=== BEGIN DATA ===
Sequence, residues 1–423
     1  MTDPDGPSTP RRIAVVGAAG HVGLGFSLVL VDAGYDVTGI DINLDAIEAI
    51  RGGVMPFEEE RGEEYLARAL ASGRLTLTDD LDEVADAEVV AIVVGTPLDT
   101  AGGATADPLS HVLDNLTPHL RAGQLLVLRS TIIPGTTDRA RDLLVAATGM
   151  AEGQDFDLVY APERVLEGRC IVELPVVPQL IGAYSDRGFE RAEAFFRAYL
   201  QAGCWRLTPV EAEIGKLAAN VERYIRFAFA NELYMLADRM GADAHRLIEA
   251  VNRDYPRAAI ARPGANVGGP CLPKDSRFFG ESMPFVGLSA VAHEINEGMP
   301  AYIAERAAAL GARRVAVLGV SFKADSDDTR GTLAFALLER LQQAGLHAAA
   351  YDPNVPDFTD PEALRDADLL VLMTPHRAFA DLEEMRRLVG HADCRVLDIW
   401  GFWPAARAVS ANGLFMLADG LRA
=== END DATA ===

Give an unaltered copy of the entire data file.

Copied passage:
Sequence, residues 1–423
     1  MTDPDGPSTP RRIAVVGAAG HVGLGFSLVL VDAGYDVTGI DINLDAIEAI
    51  RGGVMPFEEE RGEEYLARAL ASGRLTLTDD LDEVADAEVV AIVVGTPLDT
   101  AGGATADPLS HVLDNLTPHL RAGQLLVLRS TIIPGTTDRA RDLLVAATGM
   151  AEGQDFDLVY APERVLEGRC IVELPVVPQL IGAYSDRGFE RAEAFFRAYL
   201  QAGCWRLTPV EAEIGKLAAN VERYIRFAFA NELYMLADRM GADAHRLIEA
   251  VNRDYPRAAI ARPGANVGGP CLPKDSRFFG ESMPFVGLSA VAHEINEGMP
   301  AYIAERAAAL GARRVAVLGV SFKADSDDTR GTLAFALLER LQQAGLHAAA
   351  YDPNVPDFTD PEALRDADLL VLMTPHRAFA DLEEMRRLVG HADCRVLDIW
   401  GFWPAARAVS ANGLFMLADG LRA